President Obama, this week, defended one of his cabinet secretaries and did not create a vacancy at the Department of Veterans Affairs when General Eric Shinseki visited the White House. But as for delays, backlogs and allegations of cooking the books at VA facilities, the president sounded adamant.
PRESIDENT BARACK OBAMA: If these allegations prove to be true, it is dishonorable. It is disgraceful and I will not tolerate it, period.
It's not all politics here in Washington. On Pennsylvania Avenue, there used to be a hotel called the Roger Smith. The top of the hotel's stationery proclaimed it was just one block from the White House. And it's under that heading that one of rock 'n roll's most important figures scribbled out the lyrics to one of his biggest songs.
(SOUNDBITE OF SONG, "LIKE A ROLLING STONE")
BOB DYLAN: (Singing) Once upon a time you dressed so fine, you threw the bums a dime in your prime, didn't you?
There was a time when cell phones were used to make calls and many of the calls were defined by this.
(SOUNDBITE OF NOKIA RINGTONE)
SIEGEL: The Nokia ringtone, it was introduced in 1994. Last Friday, Nokia - once the world's cell phone leader - sold its dwindling phone business to Microsoft for a lot of money, seven and a half billion dollars.
Until today, no one had said what becomes of that ringtone, a tune Nokia says is played about 20,000 times a second worldwide.
From NPR News, this is ALL THINGS CONSIDERED. I'm Robert Siegel. We're continuing to follow developments in yesterday's deadly shooting at Fort Hood that left four people dead and 16 wounded. This afternoon, the commander of Fort Hood, Lieutenant General Mark Milley, confirmed the identity of the shooter.
LIEUTENTANT GENERAL MARK MILLEY: We are able to release, his next kin have been notified. The alleged shooter is Specialist Ivan A. Lopez. He is 34 years old, originally from Puerto Rico.
Long-time fans of the comedy website, "Funny or Die," know this already. But for the rest of you, this is the theme song of "Between Two Ferns." The Web series mimics a low-budget, cable-access interview program.
MELISSA BLOCK, HOST:
It's the brainchild of actor and comedian Zach Galifinakis. He plays an unprepared host who fumbles through awkward conversations with celebrities. But the guest of his latest episode, released today, was a little different.
Now, health and electrical lighting. Last month, Mariana Figueiro showed me something she has developed to help seniors avoid falls in the night. Figueiro researches health applications at the Lighting Research Center at Rennselaer Polytechnic Institute in Troy, New York. Her project is a nightlight. But it's not just a single bulb. It's a string of yellow lights that border the darkened entrance to, say, a bathroom.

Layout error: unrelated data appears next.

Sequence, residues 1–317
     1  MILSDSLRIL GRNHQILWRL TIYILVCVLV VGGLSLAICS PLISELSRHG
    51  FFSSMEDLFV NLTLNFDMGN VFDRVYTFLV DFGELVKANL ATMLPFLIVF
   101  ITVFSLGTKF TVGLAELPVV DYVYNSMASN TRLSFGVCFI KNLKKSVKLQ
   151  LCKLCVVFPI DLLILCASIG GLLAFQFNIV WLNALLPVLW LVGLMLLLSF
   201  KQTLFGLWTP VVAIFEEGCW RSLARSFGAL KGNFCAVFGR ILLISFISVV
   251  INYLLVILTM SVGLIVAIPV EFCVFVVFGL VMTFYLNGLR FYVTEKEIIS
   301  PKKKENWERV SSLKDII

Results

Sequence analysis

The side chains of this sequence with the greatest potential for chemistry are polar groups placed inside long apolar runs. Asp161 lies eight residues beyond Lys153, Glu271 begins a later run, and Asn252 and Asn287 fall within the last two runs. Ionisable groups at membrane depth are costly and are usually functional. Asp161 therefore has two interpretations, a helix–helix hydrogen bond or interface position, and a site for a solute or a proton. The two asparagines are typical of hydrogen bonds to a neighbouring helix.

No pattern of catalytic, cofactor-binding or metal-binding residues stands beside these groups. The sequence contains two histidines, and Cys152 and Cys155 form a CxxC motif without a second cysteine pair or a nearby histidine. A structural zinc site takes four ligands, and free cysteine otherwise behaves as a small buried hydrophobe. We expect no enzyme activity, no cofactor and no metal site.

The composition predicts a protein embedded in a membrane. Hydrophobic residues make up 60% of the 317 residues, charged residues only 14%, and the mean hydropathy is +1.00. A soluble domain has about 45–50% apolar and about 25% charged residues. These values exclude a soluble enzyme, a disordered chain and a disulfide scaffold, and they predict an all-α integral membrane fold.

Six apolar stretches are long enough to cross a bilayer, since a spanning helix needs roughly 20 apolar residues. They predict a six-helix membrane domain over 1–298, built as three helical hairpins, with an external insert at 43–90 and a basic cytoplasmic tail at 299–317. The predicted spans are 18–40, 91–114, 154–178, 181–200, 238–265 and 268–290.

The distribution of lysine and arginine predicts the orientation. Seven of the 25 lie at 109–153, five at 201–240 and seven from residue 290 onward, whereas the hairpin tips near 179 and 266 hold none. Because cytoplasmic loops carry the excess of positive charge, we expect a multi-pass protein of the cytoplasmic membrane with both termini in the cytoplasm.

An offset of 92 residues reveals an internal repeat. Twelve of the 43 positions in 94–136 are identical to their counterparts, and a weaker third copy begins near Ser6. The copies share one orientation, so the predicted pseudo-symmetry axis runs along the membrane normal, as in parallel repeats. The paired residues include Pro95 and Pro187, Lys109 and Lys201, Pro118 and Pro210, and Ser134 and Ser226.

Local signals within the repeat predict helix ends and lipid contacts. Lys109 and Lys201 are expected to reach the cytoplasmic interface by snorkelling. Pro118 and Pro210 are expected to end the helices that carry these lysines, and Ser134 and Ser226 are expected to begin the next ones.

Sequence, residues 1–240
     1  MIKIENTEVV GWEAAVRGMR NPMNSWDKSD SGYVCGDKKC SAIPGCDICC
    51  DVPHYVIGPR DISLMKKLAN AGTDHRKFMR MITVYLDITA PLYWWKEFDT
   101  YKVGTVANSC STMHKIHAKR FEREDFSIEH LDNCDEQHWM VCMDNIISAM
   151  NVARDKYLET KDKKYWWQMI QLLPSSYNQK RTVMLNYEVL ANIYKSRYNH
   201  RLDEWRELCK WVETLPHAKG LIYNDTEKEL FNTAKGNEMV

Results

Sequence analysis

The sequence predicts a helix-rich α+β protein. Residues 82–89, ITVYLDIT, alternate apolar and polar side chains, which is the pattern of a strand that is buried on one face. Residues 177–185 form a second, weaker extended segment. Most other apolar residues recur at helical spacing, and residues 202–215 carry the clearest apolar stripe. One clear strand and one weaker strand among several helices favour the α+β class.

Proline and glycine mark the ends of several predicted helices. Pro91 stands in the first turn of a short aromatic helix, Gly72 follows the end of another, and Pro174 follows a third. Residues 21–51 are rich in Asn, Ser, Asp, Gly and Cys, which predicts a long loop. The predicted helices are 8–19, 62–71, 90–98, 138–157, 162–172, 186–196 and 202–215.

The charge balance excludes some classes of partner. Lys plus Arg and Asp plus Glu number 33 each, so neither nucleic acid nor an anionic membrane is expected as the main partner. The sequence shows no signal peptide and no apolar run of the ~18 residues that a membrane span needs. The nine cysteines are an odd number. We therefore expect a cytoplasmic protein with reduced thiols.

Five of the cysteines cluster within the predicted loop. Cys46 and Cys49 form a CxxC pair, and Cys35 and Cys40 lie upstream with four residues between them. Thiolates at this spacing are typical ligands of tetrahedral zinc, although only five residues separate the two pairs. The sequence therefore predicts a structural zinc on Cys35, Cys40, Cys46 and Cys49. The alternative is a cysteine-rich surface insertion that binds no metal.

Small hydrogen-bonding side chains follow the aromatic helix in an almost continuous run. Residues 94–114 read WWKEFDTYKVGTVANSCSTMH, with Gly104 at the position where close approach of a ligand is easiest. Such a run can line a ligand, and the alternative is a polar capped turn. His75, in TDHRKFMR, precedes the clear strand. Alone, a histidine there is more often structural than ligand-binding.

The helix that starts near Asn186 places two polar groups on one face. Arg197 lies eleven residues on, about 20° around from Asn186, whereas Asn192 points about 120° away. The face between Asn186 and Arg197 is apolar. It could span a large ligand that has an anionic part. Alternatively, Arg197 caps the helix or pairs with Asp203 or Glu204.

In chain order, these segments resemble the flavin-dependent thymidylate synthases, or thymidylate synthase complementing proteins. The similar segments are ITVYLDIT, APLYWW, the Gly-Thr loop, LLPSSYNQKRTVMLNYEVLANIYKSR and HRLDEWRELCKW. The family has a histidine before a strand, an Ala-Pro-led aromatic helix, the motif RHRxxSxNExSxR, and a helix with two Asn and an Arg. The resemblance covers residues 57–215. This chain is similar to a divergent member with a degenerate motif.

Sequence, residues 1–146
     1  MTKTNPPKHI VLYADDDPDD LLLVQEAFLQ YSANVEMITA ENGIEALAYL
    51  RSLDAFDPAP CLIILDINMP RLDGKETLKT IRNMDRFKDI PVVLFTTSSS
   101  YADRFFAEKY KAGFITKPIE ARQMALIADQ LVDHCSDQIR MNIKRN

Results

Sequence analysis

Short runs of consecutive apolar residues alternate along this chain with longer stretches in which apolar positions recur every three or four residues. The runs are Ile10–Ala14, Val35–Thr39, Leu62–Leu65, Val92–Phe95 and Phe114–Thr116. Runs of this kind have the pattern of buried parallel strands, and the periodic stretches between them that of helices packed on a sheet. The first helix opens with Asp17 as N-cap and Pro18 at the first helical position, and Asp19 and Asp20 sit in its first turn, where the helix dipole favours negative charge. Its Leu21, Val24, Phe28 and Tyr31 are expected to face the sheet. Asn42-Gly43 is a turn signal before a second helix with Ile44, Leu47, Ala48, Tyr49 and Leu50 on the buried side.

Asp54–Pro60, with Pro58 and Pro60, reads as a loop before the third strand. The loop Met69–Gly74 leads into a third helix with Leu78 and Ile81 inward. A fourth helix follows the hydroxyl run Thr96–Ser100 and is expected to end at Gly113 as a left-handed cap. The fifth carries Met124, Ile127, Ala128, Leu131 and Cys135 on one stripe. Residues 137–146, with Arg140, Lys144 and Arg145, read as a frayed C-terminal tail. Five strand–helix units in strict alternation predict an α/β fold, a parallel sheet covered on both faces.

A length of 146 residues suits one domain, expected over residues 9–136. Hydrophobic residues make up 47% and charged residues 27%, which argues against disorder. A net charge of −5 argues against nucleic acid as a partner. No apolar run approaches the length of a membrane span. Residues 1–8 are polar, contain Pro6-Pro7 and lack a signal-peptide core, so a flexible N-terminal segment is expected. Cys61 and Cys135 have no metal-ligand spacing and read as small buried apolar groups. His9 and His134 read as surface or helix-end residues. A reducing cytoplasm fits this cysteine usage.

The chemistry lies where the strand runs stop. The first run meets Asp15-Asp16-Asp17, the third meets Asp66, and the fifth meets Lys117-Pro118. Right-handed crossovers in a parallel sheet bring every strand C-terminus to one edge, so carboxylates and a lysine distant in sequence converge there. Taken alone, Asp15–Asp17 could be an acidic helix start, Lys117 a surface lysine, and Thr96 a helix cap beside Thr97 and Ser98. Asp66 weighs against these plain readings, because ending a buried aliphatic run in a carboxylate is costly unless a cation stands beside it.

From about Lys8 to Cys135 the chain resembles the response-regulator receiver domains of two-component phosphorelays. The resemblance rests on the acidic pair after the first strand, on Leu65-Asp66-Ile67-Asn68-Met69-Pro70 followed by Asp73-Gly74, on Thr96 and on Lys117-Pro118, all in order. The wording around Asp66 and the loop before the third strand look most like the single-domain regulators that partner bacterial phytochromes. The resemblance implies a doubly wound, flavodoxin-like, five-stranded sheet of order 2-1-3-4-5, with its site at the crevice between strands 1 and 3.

It's a doorway and around the frame of the doorway are the yellow LEDs?
In Qatar's rapid race to modernity, the emirate has created a distinctive approach to educating its young: It has effectively imported a host of American universities.
Dr. Sheikha Aisha bint Faleh bin Nasser Al-Thani, a member of Qatar's ruling family, sits on the Supreme Education Council and owns a few independent schools. For her own children, she wanted a top-flight college education. Her sons were educated in Britain.
Over the past decade, Qatar's population has soared from 660,000 to more than 2 million. Here's the catch: Qataris themselves number only around 260,000.
The rest, more than 85 percent of the population, are not citizens. As Professor Mehran Kamrava, an American scholar at Georgetown University's campus in Qatar, says, they are all migrant workers of varying types.
Qatar is a tiny place that insists on being heard.
The Arab nation just off the coast of Saudi Arabia has made itself a major diplomatic player, a generous donor of foreign aid, and a leader in modernizing education in the region. The ultra-modern capital Doha is full of skyscrapers, museums and history, much of it dating as far back as ... the 1990s.
Qatar is also a commercial capital that aims to become a cultural, sports and tourist center for the Gulf region despite having just 260,000 citizens.
The digital currency Bitcoin is becoming more prevalent, both for benign purchases and as a way for criminals to conduct illicit transactions. Bitcoins have been used on underground websites to facilitate sales of narcotics and child pornography. But even those most concerned about criminal activity agree that the emerging digital currency has arrived and can have beneficial uses.